The Clean Air Interstate Rule (CAIR) program is designed to reduce the amount of fine particulate matter and ozone that crosses state lines in the eastern United States. CAIR caps emissions of nitrogen oxides and sulfur dioxide and sets up a market for facilities to trade emissions credits.
DHEC implements the CAIR program in South Carolina by including CAIR permits in affected Title V permitted facilities and determining allocations of emissions allowances for those facilities.
- List of CAIR Sources of Pollution in South Carolina
- Emissions Allowances (Allocations)
- CAIR Permit Forms and Instructions
- EPA information on CAIR and the developments of this case
- South Carolina CAIR Regulations
On July 11, 2008, the U.S. Court of Appeals for the D.C. Circuit (Court of Appeals) vacated CAIR. Following petitions filed by parties in the litigation the Court of Appeals issued a subsequent opinion on December 23, 2008, wherein it remanded the CAIR to the U.S. Environmental Protection Agency (EPA) without vacatur.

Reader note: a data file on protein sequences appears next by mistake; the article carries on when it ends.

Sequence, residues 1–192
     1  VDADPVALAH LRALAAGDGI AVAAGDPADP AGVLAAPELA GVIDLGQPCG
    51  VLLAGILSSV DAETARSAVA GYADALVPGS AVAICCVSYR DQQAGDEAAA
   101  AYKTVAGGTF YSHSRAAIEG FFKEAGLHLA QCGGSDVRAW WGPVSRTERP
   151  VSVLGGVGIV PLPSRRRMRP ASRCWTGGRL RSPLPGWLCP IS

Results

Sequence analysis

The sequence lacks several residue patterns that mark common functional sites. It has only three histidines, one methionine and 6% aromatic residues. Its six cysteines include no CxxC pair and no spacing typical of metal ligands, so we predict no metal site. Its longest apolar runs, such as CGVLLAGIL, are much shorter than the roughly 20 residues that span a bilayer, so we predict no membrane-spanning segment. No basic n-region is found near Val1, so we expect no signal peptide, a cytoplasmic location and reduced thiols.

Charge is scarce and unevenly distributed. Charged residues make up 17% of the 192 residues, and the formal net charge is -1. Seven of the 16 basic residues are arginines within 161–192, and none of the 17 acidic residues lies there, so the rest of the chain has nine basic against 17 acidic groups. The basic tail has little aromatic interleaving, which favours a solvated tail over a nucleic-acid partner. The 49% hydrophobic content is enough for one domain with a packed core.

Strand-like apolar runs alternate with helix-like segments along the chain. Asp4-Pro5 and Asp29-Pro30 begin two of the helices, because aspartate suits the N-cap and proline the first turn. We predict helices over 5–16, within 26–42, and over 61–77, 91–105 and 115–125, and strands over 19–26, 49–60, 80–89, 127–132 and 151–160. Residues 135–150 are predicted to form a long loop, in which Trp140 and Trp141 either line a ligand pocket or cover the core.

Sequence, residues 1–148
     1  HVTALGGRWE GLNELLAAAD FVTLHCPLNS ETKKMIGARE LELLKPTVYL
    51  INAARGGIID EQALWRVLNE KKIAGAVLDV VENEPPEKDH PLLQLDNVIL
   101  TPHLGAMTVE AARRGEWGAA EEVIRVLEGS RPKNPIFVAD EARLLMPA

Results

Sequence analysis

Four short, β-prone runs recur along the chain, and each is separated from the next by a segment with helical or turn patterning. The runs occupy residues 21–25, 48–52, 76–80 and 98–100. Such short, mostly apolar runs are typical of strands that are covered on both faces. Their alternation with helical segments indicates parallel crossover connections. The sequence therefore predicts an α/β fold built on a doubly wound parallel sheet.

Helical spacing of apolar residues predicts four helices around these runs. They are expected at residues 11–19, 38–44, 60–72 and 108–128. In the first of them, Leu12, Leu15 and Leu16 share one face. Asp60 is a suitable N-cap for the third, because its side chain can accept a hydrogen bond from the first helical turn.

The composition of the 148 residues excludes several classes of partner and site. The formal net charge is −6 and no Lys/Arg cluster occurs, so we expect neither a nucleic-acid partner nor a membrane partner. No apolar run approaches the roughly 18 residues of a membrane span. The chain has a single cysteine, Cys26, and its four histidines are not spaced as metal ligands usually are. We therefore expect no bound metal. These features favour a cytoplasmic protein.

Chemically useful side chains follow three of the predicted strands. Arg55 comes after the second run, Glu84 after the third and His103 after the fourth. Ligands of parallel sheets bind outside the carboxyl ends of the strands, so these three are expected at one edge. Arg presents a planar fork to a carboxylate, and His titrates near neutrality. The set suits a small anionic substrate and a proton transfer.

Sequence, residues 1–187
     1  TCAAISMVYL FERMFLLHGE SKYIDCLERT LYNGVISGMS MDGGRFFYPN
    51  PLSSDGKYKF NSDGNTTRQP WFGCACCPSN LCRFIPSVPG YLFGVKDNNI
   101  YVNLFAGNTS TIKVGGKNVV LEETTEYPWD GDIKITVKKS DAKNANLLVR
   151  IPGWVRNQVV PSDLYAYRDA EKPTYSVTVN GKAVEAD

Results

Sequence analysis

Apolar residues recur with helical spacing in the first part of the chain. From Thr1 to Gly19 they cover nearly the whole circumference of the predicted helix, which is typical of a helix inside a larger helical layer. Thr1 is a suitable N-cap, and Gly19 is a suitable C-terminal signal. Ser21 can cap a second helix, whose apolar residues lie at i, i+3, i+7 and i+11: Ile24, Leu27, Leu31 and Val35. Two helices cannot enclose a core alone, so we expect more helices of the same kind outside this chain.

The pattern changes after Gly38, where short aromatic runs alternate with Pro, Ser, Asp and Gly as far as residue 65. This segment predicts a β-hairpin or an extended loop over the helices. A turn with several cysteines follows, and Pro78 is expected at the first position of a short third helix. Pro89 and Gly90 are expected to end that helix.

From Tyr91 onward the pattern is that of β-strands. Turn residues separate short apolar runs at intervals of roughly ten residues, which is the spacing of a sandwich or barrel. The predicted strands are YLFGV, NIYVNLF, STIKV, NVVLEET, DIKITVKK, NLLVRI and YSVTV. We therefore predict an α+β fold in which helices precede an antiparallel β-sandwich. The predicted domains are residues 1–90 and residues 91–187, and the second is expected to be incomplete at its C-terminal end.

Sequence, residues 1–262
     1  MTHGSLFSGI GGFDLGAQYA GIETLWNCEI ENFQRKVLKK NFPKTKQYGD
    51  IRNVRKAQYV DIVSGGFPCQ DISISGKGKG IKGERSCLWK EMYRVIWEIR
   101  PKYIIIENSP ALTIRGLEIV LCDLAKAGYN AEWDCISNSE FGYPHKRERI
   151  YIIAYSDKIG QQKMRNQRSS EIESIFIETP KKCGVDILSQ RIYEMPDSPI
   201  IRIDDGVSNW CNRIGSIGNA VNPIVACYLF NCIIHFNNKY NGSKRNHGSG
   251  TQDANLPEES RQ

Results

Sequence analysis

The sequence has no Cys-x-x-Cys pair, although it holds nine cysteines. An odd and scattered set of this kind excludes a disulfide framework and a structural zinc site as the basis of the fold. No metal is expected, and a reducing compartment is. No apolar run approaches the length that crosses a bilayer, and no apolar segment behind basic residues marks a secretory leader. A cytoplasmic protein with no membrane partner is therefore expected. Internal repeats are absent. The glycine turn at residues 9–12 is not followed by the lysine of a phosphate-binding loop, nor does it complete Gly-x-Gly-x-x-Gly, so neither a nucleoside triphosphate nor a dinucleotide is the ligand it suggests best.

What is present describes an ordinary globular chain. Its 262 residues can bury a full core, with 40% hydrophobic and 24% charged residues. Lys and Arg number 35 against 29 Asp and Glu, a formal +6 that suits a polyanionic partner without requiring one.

CAIR is now in effect while EPA develops a replacement rule. South Carolina's CAIR regulations, at Regulation 61-62.96, went into effect on May 1, 2009, replacing the NOX SIP Call Program. DHEC implemented CAIR in South Carolina through a State Implementation Plan (SIP) .
On July 6, 2011, the US Environmental Protection Agency (EPA) finalized a rule that replaced CAIR, the Cross State Air Pollution Rule (CSAPR). But that rule, too, has been challenged.
On August 21, 2012, the U.S Court of Appeals for the DC Circuit issued a ruling vacating the CSAPR.
On June 24, 2013, the U.S. Supreme Court granted the EPA's petition asking the court to review the DC Circuit court's decision. For updates on this case, see EPA's CSAPR webpage .